2 . Mehrun was against the pursuit of higher education because of :

(1) it being irrelevant to her aims and objectives in life.

(2) her awareness that life had plenty to teach and that college education was unwarranted.

(3) her influence of the thinking of the ‘peer group’ who saw the uselessness of education for girls, for whom marriage was the ultimate destiny.

(4) her father’s economic condition, knowing fully well that she would not be in a position to finish her studies and would dropout in the middle.

3 . As per the passage, which of the following is false ?

(1) Farid secretly wanted Mehrun to be friendly with Momin, who he considered to be a scholar.

(2) Mehrun’s lack of concern for education was a matter of concern for Farid.

(3) Farid did not think highly of salesmen and shipping clerks.

(4) Farid had become a shoemaker by chance.

4 . Momin, as made out by the passage, was :

(1) grateful to Farid for having encouraged him to study further.

(2) charmed by Farid’s daughter, whom he wanted to marry.

(3) not economically prosperous.

(4) always advising Mehrun to pay more emphasis on education than on vocation.

5 . The passage is about :

(1) the social conditions prevailing around the times that Farid lived.

(2) the urge for the youth to make their presence left.

(3) the importance and value given to education by a person no less than a shoemaker.

(4) the right and the desire of an individual to rebel and retaliate against imposition, even if they be from a father.

6 . The style adopted by the author is :

(1) didactic

(2) descriptive

(3) interrogative

(4) rhetoric

7. A suitable title suggested for the passage could be :

(1) Aspirations Of A Shoemaker.

(2) The Need To Be Wealthy.

(3) The Irrelevance Of Education.

(4) Right To Seek A Profession.

8 . The shoemaker, as per the passage, desired and wished that :

(1) what he had lost in education be made good in wealth.

(2) his daughter tread the scholarly path of life, be it through acquaintance or marriage.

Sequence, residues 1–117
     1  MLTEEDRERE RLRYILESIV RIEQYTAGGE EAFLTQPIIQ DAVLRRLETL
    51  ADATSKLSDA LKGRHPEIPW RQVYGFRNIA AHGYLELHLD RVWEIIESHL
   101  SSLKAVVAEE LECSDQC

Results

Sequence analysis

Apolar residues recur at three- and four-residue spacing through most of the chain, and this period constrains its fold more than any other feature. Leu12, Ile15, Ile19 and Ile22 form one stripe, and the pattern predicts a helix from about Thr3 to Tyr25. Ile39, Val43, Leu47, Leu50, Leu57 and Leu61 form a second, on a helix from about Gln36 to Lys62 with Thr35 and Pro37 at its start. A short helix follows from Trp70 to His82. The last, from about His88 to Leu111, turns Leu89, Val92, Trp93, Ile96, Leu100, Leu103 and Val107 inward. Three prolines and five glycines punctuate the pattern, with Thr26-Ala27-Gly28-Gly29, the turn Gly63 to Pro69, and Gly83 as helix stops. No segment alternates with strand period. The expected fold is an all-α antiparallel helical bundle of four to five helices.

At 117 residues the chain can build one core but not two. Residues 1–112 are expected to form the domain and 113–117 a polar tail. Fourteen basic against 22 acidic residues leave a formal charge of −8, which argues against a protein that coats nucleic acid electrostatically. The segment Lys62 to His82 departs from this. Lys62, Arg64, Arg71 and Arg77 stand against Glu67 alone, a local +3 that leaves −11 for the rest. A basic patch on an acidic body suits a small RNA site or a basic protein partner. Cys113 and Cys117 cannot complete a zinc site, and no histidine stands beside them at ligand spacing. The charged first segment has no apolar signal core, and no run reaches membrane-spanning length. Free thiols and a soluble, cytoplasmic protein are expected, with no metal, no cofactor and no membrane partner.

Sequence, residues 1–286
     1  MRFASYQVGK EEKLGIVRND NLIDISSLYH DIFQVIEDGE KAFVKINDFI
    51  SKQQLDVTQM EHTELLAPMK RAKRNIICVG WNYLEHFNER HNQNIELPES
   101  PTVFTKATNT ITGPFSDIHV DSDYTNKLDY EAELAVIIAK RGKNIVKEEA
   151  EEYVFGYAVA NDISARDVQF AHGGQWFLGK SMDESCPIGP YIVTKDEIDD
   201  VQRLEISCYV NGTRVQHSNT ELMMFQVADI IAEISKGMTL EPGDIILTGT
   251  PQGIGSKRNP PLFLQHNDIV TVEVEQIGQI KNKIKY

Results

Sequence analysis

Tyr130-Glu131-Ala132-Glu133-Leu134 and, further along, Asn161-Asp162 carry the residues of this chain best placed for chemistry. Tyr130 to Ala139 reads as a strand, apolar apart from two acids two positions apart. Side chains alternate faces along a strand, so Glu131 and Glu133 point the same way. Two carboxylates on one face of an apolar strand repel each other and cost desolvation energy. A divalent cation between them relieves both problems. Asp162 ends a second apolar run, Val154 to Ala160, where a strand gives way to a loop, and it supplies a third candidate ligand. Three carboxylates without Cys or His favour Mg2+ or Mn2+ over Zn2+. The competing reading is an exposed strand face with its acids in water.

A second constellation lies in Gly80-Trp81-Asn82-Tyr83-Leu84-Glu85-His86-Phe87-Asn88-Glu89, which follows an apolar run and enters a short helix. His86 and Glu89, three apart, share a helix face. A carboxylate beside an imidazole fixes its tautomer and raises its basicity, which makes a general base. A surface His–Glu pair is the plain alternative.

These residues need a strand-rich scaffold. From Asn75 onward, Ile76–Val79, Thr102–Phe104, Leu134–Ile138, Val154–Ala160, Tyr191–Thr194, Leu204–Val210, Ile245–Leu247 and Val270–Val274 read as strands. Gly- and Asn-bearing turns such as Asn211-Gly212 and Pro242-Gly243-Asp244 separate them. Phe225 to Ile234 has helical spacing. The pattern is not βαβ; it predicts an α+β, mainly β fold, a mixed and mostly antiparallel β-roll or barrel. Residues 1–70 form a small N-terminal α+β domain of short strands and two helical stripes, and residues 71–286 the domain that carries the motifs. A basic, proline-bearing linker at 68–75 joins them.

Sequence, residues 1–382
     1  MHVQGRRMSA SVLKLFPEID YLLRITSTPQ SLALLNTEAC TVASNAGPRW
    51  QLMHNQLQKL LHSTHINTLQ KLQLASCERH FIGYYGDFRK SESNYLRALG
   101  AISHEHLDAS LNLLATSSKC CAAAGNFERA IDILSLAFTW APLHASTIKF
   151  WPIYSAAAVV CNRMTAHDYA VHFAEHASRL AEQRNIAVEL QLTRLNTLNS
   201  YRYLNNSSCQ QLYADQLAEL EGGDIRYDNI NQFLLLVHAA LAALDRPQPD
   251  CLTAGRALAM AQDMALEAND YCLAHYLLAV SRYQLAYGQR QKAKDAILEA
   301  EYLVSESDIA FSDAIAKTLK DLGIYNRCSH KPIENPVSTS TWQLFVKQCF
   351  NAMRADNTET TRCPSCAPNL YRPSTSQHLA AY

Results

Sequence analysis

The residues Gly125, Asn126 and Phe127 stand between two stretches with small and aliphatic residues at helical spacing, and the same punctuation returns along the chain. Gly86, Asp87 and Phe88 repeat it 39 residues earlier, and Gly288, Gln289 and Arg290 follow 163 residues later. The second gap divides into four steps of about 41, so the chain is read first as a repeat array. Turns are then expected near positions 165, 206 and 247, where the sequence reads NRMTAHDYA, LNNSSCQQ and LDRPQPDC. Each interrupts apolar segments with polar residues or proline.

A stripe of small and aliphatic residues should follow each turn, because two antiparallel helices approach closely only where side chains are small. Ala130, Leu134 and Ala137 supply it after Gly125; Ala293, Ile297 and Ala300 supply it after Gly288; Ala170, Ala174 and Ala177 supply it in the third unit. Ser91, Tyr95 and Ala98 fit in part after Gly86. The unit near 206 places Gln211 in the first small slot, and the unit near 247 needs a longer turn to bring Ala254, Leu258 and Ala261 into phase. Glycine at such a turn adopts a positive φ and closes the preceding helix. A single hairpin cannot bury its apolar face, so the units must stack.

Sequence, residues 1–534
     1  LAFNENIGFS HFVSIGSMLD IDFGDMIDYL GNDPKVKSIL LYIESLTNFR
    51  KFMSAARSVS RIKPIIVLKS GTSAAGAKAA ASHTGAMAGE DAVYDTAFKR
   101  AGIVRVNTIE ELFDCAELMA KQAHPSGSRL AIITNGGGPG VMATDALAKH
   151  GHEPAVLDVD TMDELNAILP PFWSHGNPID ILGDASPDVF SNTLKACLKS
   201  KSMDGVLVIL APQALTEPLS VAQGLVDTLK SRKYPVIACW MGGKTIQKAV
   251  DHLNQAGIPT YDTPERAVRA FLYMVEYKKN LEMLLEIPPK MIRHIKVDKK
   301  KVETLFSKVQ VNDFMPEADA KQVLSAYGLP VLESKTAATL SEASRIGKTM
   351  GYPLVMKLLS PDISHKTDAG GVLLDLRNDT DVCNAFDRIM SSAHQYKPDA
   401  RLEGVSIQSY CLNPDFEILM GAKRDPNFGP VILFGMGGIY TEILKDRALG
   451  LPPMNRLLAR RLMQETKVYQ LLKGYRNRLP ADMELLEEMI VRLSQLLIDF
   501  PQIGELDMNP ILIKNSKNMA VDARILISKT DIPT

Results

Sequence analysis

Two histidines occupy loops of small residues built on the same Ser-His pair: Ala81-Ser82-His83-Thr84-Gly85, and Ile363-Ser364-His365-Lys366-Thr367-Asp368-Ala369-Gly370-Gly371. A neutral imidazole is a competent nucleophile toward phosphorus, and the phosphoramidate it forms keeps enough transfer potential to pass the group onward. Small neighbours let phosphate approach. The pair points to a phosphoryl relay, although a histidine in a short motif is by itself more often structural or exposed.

(3) his social level rise and he be treated with honour and esteem by one and all.

(4) None of the above.

9 . The passage is most likely an adaptation from:

(1) a story popular among the village folk with a message and a moral behind it.

(2) the life and achievements of Farid, who was Prime Minister of Turkey.

(3) the epic of Dogri culture, whose Knowledge was a must for the natives of the land.

(4) an episode of a famous TV serial in Punjabi language.

Note :

Reading Comprehension asked under English section in CLAT can be assumed to be an easy and ‘ not to be left ‘ section (Easy because all the answers are contained in the passage itself). It all depends on your ability to read a particular passage in a given time ( usually 5-7 minutes ) and then answer the questions based on the passage.Those who have been scoring low in Reading Comprehension, it’s never too late. Become a voracious reader. Read anything (particularly standard newspapers ) that your hands can lay on and then see the difference in your performance (Time management is also a must in this case. )

All The Best !

The above write-up has been contributed by The Knowledge Tree, Patna’s premier coaching institute for CLAT and other law entrance exams like AILET, SET, LSAT etc.




CLAT Gurukul is contributing to the Law Entrance Test form a long time and achieved a great rank in terms of Law Entrance Exam Preparation Institutes. Every Competitive exam needs Speed And Accuracy and these are what exactly matters in these kind of exam.



CLAT Gurukul is contributing to the Law Entrance Test form a long time and achieved a great rank in terms of Law Entrance Exam Preparation Institutes. Every Competitive exam needs Speed And Accuracy and these are what exactly matters in these kind of exam.